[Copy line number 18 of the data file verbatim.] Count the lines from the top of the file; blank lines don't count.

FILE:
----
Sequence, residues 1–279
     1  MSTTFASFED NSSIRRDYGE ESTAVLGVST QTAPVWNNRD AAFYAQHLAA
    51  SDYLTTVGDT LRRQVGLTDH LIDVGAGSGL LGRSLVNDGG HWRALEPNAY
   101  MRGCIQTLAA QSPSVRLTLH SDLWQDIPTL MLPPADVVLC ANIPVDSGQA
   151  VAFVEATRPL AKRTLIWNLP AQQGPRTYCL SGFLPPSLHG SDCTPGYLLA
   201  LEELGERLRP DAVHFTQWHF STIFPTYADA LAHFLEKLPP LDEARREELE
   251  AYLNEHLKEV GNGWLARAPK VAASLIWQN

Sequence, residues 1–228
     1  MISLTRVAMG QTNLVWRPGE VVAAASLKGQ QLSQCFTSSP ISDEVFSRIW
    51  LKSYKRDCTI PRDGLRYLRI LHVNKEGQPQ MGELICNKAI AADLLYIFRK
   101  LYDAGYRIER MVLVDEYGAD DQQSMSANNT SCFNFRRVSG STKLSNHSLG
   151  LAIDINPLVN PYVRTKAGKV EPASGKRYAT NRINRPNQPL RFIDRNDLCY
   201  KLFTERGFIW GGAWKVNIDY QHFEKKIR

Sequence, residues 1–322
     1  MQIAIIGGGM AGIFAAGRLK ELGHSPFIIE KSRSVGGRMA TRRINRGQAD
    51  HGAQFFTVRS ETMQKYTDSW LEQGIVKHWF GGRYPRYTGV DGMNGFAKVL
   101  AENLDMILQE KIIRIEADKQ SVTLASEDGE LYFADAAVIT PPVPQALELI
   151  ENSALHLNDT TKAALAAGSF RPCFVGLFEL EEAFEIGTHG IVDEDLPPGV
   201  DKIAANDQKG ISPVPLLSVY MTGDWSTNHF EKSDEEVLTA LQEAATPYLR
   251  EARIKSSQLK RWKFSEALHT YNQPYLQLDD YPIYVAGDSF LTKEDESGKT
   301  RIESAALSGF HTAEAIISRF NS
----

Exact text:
   151  ENSALHLNDT TKAALAAGSF RPCFVGLFEL EEAFEIGTHG IVDEDLPPGV